The illusive Lord Mortimer has invited you to his private island. Whilst it seems like the other guests are there for a bit of a knees up, a good old gossip about politics and probably some other more sinister things. Your presence is a little more sombre. You’re investigating how and why your mother went missing on the island just a few days earlier.
The Council is an episodic adventure where your actions and choice of words will have ramifications on the outcome of your mission. You’ll be schmoozing with the likes of George Washington and Napoleon Bonaparte in order to find out all you can around the disappearance of your mother, but choose your words wisely as saying the wrong thing can lose you the trust of your fellow ‘party goers’. History, and by history I mean Bill and Ted, suggests that Napoleon had a bit of a temper, so watch out for him!
Right from the start The Council sets the tone for the decision making prominent throughout the game, it also paints a great picture of the time period with some lush looking visuals in places, with everything feeling very grand and opulent – as you’d imagine being amongst such esteemed guests.
The Council tries to change the format for how you act and react in those crucial moments where your words hold weight. You have your standard “take one of two paths” options, but there is also a system used where you get a few chances to convince the person you’re talking with to reveal what you want to know. Essentially you’ll have to ‘pass’ a number of dialogue checks, but you have certain amount of times you can fail. It’s a nice approach and I like that you can make multiple attempts, but the dialogue for it at times seems a little off. In one moment you can really offend someone by saying the wrong thing and they may seem totally outraged, but in the very next moment they’re back to their neutral state and you can work your magic on them. It’s a little jarring and kind of takes you out of the drama for a moment. The more you get to know people the more you’ll understand them though, and you may be able to exploit someones personality as they all have their own vulnerabilities and immunity to certain topics or approaches.
To help you with your investigation there are also some light RPG style elements where you can gain experience from completing certain mini objectives during scenes, you then get to spend that experience on perks. There are three distinct paths for perks and each path has a set number of perks you can acquire and upgrade. You may want to learn to be sneaky and pick locks, or you may want to learn about art and history so you can impress the guests with your wealth of knowledge when joining in in conversations.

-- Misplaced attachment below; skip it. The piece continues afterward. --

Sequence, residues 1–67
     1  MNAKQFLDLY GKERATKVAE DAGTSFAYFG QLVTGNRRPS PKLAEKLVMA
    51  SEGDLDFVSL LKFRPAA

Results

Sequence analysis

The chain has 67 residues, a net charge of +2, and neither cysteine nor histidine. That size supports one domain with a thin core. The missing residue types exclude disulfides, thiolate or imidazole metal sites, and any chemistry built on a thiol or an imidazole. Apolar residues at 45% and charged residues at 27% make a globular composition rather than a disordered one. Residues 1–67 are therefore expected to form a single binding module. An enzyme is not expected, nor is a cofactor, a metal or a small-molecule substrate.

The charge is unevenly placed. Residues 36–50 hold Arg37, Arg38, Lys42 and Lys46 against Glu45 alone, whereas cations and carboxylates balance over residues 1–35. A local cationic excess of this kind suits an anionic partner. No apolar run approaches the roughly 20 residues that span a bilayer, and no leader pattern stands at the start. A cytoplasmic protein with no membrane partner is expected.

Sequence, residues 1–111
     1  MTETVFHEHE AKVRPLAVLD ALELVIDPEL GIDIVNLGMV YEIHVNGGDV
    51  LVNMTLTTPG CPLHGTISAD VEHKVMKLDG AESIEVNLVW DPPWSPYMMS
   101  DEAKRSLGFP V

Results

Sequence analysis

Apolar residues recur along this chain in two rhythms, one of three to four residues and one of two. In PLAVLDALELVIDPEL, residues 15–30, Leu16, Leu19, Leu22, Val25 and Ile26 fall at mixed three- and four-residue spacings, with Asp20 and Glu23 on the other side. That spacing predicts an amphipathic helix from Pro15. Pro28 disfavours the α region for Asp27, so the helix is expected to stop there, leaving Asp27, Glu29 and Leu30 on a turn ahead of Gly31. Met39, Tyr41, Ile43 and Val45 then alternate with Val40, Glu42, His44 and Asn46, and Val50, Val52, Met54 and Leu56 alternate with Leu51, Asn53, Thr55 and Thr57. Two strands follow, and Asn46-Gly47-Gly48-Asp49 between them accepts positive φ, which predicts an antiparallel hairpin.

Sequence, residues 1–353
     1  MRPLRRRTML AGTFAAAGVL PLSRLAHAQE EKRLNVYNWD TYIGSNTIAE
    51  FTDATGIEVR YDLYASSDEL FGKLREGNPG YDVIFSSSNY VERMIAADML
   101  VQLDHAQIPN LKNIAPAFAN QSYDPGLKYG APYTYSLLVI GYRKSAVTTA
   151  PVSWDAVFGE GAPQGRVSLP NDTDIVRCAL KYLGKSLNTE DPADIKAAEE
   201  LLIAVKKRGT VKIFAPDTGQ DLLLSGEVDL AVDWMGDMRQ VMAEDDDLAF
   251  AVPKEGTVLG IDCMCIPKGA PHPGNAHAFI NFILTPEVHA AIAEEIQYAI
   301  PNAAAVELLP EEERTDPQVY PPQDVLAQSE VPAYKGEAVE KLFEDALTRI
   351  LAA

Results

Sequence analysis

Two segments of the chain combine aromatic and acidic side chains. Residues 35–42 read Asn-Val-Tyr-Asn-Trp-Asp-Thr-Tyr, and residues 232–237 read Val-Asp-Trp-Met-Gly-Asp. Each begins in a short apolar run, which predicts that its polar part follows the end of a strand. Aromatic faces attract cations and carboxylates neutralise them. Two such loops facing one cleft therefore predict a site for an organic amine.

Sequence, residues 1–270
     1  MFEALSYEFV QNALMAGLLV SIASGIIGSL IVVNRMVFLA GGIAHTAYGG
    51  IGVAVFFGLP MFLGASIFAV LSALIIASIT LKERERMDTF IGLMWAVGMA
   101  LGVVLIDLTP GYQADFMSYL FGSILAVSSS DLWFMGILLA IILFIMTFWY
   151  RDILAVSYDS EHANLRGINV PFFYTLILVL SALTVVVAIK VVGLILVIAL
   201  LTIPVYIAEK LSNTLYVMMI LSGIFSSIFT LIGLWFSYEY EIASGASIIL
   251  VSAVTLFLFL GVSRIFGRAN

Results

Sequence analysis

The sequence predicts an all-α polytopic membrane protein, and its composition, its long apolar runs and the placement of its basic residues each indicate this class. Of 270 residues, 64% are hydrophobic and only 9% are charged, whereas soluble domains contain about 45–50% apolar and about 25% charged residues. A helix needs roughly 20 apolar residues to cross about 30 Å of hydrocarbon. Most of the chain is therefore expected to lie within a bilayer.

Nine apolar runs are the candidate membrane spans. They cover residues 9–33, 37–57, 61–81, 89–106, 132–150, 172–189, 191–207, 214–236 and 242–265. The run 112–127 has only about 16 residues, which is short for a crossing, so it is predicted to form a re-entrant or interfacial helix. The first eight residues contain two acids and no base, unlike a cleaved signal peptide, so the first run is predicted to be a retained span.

During conversation there will be little moments where you can interact with the scene – noticing a piece of jewellery that someone is wearing, or picking up on certain body language. Depending on the skills you’ve unlocked will depend on what you will notice, and if you do, you may gain some valuable knowledge about a person that you can use later to your advantage i.e. someone may be susceptible to intimidation. Honestly, there is quite a lot going on with the mechanics and it can be a little overwhelming at first trying to learn and understand it all, all whilst trying to get engaged with the story.
As The Council is episodic, expect cliff hangers, expect a lot of un-answered questions and expect it to be fairly short at around 2-3 hours for the first part. You can probably drag that time out a bit by searching ever nook and cranny for information and you might find something useful. I didn’t rush through, I also didn’t search everything and I don’t think I ever felt like I’d missed anything. Obviously I missed certain paths with conversations with my choices, but that can’t be helped.
I did feel like some of the decisions were a little cheap. With one specific one standing out in my mind. I knew that as soon as I’d made my decision, it would come back to bite me and almost immediately it did. I don’t mind that, but in this case it just felt like a cheap move and there was no real reason for the way it played out – I realise this is very vague, but I don’t want to spoil it.
For me the most important elements for games like this is whether it makes me want to play more, whether I want to know the answers to the mysteries and thankfully The Council does make me want to play more. The story is good and filled with a wide variety interesting and unique characters. There’s lots of mystery around Lord Mortimer, the island and why everyone is there and I want to know it all. The Council Episode 1: The Mad Ones is out now on PC, Xbox One and PS4 and is a good opening to the series, with good visuals, a compelling story, generally good voice acting and a great setting; let’s hope that the rest can keep up!